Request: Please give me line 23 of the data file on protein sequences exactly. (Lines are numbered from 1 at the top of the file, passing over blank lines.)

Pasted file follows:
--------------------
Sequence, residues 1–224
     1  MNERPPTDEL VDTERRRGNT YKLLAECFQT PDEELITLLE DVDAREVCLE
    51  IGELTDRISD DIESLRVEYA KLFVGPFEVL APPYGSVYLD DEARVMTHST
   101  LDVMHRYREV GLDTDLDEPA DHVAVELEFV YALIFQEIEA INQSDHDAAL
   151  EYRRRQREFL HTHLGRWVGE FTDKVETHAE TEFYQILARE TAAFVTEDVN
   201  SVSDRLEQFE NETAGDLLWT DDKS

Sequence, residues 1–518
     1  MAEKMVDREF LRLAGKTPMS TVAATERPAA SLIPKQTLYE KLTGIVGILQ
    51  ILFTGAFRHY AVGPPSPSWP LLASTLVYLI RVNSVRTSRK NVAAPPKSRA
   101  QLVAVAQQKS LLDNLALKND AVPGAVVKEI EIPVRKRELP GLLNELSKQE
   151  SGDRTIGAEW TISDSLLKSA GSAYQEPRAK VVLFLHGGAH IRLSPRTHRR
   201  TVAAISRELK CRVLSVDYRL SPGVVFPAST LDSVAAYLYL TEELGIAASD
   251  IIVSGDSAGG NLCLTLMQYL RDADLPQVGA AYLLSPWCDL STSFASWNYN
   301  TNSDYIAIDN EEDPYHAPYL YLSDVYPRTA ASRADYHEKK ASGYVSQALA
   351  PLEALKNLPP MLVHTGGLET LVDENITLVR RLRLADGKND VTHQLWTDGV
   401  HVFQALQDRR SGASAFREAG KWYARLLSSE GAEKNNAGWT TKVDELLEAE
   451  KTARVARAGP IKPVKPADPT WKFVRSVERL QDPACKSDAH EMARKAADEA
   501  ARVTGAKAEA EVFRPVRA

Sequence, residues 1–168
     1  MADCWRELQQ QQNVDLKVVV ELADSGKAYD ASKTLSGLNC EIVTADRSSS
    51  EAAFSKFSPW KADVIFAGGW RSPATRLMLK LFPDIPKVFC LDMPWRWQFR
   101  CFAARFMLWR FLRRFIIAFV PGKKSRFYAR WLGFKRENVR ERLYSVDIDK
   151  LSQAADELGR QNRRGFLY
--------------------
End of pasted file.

   151  LSQAADELGR QNRRGFLY